clandestina

Migration and Struggle in Greece

FT: EU plans to exclude wayward Schengen nations

Posted by clandestina on 13 September 2011

source: Financial Times

The European Union will on Friday propose a mechanism to suspend countries from the passport-free Schengen travel area, in a move diplomats say is partly aimed at putting pressure on Greece to keep illegal immigrants out of the bloc.

Greece, the country at the heart of Europe’s debt crisis, has for a decade been the weakest link in the EU’s common border system, struggling to control its eastern frontier with Turkey and its island-strewn Mediterranean coastline.

Since the Schengen agreement of 1995, which allows for the free movement of people and goods across most of the EU, passport-free travel has been viewed as one of the cornerstones of European integration.

However, when the European Commission, the EU’s executive branch, unveils proposals to overhaul rules governing the border-free zone, it is expected to reveal what Brussels officials privately refer to as “the Greece clause”, a provision allowing for a country to be temporarily kicked out of Schengen. Border controls would then be reimposed between the country and the rest of the EU.

“Any move to exclude countries would clearly be targeting Greece, among others, which has been a problem for Schengen ever since it joined in 2000,” says Hugo Brady, fellow at the Centre for European Reform, a Brussels-based think-tank.

Of the estimated 104,000 migrants that crossed illegally into the EU in 2010, nearly 88,000 arrived through Greece’s borders. Even with a spike in migrants arriving in Malta and Italy from Libya and Tunisia in recent months, Greece will probably emerge as the primary gateway to Europe once again in 2011.

The Commission’s proposals, seen by the Financial Times, say the prospect of suspension from Schengen would be meant as a deterrent, only to be used as a last resort after a country had failed to respond to EU assistance.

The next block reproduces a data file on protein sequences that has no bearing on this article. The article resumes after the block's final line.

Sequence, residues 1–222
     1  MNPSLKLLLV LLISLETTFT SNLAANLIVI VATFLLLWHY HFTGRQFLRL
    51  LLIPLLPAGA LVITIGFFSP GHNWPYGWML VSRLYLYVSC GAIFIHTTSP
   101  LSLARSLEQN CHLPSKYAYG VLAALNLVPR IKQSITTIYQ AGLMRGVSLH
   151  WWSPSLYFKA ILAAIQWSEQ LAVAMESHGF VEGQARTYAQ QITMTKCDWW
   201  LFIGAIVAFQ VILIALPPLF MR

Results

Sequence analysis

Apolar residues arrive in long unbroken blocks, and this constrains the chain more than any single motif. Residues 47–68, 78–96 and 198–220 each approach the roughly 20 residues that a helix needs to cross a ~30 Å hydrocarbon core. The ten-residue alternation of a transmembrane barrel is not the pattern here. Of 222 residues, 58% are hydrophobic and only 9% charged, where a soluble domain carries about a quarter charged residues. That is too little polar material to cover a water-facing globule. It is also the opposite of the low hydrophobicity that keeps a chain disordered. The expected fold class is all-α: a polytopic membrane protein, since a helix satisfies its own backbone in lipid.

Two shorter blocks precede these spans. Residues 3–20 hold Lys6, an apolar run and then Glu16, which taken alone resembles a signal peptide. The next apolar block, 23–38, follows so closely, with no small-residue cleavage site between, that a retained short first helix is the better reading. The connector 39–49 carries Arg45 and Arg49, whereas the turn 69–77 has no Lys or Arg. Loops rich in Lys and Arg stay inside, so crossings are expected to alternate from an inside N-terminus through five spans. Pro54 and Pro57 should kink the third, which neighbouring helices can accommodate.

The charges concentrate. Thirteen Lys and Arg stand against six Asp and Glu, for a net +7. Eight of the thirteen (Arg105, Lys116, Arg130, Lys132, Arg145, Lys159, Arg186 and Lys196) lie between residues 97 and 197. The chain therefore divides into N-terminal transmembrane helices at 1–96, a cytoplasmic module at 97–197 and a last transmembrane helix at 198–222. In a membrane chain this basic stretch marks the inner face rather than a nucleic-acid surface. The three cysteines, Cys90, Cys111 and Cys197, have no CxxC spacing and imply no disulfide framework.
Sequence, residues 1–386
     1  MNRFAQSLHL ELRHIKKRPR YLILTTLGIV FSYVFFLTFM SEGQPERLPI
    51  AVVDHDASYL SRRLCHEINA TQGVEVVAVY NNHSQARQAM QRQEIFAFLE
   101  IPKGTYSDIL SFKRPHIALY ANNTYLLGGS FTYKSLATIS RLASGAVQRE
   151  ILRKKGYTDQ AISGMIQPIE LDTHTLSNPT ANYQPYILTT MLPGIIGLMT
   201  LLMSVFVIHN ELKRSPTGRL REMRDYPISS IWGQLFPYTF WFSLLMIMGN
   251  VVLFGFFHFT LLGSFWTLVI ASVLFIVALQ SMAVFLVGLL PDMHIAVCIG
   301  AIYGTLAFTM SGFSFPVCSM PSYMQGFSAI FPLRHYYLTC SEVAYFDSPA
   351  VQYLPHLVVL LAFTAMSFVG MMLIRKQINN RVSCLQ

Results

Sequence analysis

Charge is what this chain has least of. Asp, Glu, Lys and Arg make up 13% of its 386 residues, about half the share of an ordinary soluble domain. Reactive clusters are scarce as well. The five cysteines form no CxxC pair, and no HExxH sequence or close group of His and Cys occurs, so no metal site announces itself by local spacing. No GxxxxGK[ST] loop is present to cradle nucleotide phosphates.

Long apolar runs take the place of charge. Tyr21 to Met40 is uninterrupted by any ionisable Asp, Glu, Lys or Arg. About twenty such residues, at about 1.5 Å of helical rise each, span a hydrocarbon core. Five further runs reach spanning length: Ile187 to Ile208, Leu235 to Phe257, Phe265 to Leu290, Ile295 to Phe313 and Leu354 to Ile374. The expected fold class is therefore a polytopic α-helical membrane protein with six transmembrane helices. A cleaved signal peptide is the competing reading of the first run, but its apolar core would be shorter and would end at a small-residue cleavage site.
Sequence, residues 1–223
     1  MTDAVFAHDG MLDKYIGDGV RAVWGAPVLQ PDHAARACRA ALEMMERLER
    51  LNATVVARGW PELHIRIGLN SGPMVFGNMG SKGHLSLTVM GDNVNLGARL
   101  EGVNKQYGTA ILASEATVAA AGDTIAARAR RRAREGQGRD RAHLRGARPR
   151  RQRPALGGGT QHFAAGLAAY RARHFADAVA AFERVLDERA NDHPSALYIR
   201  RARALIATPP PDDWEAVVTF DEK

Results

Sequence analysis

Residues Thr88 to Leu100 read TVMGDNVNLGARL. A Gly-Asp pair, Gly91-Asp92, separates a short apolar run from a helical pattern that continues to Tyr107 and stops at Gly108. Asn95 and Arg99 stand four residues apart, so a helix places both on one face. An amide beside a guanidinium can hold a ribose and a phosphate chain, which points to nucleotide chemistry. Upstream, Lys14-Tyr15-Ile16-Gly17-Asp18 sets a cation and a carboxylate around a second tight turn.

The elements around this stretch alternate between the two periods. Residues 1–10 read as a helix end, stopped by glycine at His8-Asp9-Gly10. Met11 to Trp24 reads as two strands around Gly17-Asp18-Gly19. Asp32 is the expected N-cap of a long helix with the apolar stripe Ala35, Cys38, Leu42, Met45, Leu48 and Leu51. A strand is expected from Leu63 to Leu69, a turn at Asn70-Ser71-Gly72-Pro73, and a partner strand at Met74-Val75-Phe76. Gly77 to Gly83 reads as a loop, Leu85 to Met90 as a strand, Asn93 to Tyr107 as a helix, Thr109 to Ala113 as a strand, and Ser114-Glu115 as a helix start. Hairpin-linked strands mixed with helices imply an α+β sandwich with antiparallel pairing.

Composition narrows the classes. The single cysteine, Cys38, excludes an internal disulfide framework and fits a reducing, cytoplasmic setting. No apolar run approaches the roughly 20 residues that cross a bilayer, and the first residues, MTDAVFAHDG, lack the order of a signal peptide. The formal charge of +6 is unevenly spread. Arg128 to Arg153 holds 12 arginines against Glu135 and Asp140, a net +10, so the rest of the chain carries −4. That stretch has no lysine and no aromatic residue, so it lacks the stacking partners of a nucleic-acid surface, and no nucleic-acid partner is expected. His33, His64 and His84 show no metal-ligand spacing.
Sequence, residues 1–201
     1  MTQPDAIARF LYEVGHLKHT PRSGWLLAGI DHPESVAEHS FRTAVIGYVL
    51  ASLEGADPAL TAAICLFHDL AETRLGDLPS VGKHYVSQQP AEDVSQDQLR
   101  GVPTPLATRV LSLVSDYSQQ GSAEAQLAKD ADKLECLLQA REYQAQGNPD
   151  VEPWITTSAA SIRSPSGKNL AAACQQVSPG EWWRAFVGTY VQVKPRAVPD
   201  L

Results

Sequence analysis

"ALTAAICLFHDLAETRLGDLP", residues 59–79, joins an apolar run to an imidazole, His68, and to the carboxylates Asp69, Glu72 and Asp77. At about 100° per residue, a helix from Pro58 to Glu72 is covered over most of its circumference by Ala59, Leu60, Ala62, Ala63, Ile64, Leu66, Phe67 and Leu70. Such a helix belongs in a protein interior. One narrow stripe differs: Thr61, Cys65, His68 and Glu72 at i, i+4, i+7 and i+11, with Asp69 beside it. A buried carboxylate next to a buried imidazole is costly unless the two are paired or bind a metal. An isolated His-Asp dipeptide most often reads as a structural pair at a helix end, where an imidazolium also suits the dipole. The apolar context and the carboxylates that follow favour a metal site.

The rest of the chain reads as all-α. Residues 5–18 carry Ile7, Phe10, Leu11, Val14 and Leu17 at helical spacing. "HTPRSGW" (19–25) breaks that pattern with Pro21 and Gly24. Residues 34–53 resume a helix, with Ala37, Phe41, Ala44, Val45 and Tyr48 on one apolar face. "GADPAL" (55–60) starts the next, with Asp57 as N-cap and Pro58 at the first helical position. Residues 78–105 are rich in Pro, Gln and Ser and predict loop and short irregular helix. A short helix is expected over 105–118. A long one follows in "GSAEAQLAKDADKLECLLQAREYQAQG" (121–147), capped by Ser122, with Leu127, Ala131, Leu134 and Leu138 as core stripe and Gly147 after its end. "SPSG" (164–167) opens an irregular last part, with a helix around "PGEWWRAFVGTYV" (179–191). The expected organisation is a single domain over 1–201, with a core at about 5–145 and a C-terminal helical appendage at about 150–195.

But some officials believe Greece has already reached this point. More than 26,000 migrants have come through the country’s border with Turkey since the start of the year, according to Frontex, Europe’s nascent border agency. That is despite numerous Frontex missions to help strengthen the border, and the fact that in the EU’s seven-year budget to 2013, Greece should receive around €350m from Brussels to secure its borders and administer refugees.

Some believe it is necessary to quarantine wayward countries to preserve the integrity of the Schengen scheme.

“It is necessary for member states to live up to their obligations,” says Tobias Billström, Sweden’s immigration minister. “Such a measure [to exclude a country] has to be seen as a radical one, but you cannot exclude it from the agenda.”

Greece has also lost sympathy for the ways it treats migrants. Only 1 per cent of applications for asylum are typically approved, compared with 70 per cent in Sweden. Inadequate facilities for migrants prompted several EU countries to suspend co-operation with Greece on processing asylum seekers last year.

Athens has pledged to bolster its border controls, with an official at the ministry of citizens’ protection saying Greece was “in the process of taking measures to fulfil all its obligations.”

But faced with an unprecedented budget shortfall and the need for deep spending cuts, doubts remain on whether controlling migration is a priority.

Additional reporting by Kerin Hope in Athens

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